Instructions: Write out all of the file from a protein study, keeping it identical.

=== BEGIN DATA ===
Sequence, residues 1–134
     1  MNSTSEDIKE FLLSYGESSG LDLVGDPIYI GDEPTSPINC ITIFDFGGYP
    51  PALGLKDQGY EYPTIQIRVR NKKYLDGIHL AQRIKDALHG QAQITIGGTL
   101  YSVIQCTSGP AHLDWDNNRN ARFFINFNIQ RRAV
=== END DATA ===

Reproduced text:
Sequence, residues 1–134
     1  MNSTSEDIKE FLLSYGESSG LDLVGDPIYI GDEPTSPINC ITIFDFGGYP
    51  PALGLKDQGY EYPTIQIRVR NKKYLDGIHL AQRIKDALHG QAQITIGGTL
   101  YSVIQCTSGP AHLDWDNNRN ARFFINFNIQ RRAV